In Mason v. Machine Zone, the plaintiff sought recovery under Maryland and California loss recovery and consumer protection statutes for losses of “virtual gold” that she purchased and then gambled in the popular multi-player online game titled Game of War: Fire Age. The virtual world in which the plaintiff played allowed “gold” to be earned for free or purchased with real currency. The “gold” had numerous uses inside the game, but it could also be wagered at the “casino” inside the virtual world. The pleadings alleged that the “gold” could also be bought and sold via a secondary market which would convert the same into “real world” currency; however, these secondary markets and exchanges were expressly prohibited via the game’s terms and conditions to which all players agreed prior to the their participation in the game.

The federal judge rejected attempts by the plaintiff to analogize the gaming environment to a slot machine or other games of chance instead finding that the overall virtual world was essentially a game of skill and that the casino activity was “more akin to purchasing cinema or amusement park tickets” where “consumers of such services pay for the pleasure of entertainment per se, not for the prospect of economic gain.” Of particular note was that while the Plaintiff could “spend her ‘gold’ as she pleased” subject to the game’s terms and conditions, the judge found that she could not “cash out of the game” and dismissed the action stating that: “Even in the Internet age, there is a crucial distinction between that which is pretend and that which is real and true. … The laws of California and Maryland do not trifle with play money…”. The Terms of Service seemed to be a critical aspect leading to dismissal of the claims against the game designer.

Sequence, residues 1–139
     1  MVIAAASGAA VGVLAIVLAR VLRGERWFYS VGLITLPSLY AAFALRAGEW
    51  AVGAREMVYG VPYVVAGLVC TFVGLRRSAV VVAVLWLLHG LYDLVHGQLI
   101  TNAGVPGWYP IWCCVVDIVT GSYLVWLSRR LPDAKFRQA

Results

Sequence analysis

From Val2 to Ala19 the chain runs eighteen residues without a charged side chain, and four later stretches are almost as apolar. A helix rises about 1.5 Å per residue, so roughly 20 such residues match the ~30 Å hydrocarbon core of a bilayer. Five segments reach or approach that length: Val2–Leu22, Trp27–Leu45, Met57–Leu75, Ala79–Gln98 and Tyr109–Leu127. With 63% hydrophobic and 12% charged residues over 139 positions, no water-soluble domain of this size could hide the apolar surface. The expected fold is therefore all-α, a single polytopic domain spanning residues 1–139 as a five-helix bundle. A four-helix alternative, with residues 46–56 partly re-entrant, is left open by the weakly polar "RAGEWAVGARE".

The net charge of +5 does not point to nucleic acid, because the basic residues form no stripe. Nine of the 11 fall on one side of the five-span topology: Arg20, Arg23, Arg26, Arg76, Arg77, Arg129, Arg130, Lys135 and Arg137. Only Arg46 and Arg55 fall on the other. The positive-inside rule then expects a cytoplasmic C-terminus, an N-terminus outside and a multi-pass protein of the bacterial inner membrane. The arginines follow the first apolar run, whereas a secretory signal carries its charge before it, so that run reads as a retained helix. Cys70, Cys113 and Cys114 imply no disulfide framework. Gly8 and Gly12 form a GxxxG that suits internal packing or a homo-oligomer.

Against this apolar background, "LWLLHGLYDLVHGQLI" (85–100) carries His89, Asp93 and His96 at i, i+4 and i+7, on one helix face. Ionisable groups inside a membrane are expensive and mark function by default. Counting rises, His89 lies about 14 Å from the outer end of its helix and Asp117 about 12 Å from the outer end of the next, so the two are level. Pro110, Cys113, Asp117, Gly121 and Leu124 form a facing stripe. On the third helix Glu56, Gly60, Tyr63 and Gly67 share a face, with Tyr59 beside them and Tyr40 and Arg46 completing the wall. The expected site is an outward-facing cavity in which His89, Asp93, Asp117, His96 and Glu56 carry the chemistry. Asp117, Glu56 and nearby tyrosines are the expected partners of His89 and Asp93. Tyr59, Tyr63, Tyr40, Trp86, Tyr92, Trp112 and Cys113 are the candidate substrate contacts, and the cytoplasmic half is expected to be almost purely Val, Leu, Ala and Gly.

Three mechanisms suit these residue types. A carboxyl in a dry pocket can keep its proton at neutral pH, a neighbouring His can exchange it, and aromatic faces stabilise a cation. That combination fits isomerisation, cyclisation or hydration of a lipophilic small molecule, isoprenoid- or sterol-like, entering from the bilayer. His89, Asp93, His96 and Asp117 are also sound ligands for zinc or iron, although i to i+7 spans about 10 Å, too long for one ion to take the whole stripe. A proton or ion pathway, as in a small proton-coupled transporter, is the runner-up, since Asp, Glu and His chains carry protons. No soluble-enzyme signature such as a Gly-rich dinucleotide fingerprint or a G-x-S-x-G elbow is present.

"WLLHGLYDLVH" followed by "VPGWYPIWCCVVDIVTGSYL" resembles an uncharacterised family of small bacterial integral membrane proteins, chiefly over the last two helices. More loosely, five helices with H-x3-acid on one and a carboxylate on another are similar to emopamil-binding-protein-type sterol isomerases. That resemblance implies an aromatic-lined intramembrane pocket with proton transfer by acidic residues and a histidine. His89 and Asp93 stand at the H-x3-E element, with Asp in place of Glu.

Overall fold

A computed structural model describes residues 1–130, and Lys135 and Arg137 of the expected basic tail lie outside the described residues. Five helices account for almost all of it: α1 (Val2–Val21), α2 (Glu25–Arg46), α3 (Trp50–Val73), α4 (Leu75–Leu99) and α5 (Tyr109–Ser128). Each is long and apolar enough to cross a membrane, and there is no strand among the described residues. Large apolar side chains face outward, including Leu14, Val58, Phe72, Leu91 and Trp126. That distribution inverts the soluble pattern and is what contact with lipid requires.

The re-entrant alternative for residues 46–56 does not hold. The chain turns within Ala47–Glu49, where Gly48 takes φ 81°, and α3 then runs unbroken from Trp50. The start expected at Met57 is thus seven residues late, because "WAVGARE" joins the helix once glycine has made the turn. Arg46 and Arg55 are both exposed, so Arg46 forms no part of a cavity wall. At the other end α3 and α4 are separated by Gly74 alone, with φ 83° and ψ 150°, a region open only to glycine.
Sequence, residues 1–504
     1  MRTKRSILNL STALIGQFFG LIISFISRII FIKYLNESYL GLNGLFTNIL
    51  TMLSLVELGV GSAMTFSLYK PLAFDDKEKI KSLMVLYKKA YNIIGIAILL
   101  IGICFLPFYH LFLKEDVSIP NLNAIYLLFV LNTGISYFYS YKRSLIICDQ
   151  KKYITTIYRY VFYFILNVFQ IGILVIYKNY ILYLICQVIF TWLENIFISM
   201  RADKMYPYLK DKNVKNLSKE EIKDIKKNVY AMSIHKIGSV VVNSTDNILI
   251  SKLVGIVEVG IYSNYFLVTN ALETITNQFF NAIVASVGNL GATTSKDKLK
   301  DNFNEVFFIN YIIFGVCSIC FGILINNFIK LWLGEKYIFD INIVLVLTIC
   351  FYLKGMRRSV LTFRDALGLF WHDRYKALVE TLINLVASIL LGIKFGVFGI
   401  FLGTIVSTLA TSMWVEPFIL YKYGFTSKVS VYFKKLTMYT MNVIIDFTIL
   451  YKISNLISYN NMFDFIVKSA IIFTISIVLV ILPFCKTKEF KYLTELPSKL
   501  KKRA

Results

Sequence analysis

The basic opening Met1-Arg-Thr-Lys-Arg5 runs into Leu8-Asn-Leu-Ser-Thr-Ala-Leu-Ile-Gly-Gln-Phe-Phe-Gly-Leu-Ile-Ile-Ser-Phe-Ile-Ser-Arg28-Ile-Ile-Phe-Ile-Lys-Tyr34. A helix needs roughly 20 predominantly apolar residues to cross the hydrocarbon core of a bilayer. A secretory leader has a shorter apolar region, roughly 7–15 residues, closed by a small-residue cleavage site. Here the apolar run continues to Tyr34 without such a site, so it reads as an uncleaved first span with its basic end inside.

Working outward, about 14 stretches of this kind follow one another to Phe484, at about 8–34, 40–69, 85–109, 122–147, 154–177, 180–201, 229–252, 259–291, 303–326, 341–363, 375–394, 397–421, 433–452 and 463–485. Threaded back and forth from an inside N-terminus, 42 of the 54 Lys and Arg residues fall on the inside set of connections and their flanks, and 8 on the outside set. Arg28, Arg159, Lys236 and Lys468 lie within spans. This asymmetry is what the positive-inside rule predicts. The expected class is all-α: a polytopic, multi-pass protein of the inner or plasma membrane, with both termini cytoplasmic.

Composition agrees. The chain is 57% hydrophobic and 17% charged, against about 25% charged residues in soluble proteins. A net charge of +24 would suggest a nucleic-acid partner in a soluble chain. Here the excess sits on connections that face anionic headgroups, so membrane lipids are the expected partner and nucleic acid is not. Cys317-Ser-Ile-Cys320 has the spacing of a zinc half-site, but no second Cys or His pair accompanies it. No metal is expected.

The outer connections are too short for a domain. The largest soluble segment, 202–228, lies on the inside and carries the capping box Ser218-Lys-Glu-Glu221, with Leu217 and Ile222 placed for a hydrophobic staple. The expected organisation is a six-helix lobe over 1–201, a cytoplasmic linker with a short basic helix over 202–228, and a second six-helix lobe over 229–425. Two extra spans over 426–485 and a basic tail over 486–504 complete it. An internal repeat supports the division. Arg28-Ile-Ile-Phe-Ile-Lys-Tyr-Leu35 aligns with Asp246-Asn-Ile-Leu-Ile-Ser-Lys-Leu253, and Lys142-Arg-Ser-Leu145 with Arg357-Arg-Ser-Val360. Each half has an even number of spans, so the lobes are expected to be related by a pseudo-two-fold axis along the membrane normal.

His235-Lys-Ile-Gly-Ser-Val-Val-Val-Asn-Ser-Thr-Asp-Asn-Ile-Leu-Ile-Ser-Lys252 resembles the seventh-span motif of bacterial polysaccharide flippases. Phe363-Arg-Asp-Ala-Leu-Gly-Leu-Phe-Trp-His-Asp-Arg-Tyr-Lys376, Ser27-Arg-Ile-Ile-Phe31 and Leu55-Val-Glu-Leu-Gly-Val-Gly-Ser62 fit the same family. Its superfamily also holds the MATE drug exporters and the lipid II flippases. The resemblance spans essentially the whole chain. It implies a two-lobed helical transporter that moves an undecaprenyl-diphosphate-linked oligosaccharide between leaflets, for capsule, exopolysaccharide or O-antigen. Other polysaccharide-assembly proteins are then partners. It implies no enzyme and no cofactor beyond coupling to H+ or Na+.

Similarly in Kater v. Churchill Downs, Inc., the Terms of Use were an important reason that the Big Fish virtual casino was able to evade claims under the Washington Recovery of Money Lost at Gambling Act. In that case decided in November, the Plaintiff alleged that the virtual casino games constituted gambling under Washington State law. Unlike the Mason case, there was no virtual world with alternative currency that had alternative uses within that realm. Instead, the virtual casino offered players the ability to receive free daily deposits of chips which could be used to play a sundry of casino games. These game chips could also be purchased with real-world money in the event a player does not want to wait until the next day’s deposit of free credits and could be transferred to another player for a fee charged by the game operator. Like the Mason plaintiff, the existence of a secondary market for these casino credits was raised as evidence of a “real world” payout evidencing the alleged illegal gambling. In addition, the fact that the chips awarded from successful games of chance extended game play or time inside of the gaming environment was evidence of a “thing of value” being awarded via the game.